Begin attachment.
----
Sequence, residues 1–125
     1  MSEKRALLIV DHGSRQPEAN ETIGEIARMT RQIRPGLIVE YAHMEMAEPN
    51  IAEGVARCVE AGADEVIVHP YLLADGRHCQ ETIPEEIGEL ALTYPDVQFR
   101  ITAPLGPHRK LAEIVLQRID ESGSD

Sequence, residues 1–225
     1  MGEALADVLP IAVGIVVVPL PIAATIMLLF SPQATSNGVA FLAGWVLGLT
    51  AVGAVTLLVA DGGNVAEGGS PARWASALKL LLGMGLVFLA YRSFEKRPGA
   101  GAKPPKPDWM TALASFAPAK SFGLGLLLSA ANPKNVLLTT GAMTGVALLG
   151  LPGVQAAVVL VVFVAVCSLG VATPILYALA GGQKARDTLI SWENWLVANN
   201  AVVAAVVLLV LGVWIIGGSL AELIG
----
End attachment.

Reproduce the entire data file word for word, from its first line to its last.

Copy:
Sequence, residues 1–125
     1  MSEKRALLIV DHGSRQPEAN ETIGEIARMT RQIRPGLIVE YAHMEMAEPN
    51  IAEGVARCVE AGADEVIVHP YLLADGRHCQ ETIPEEIGEL ALTYPDVQFR
   101  ITAPLGPHRK LAEIVLQRID ESGSD

Sequence, residues 1–225
     1  MGEALADVLP IAVGIVVVPL PIAATIMLLF SPQATSNGVA FLAGWVLGLT
    51  AVGAVTLLVA DGGNVAEGGS PARWASALKL LLGMGLVFLA YRSFEKRPGA
   101  GAKPPKPDWM TALASFAPAK SFGLGLLLSA ANPKNVLLTT GAMTGVALLG
   151  LPGVQAAVVL VVFVAVCSLG VATPILYALA GGQKARDTLI SWENWLVANN
   201  AVVAAVVLLV LGVWIIGGSL AELIG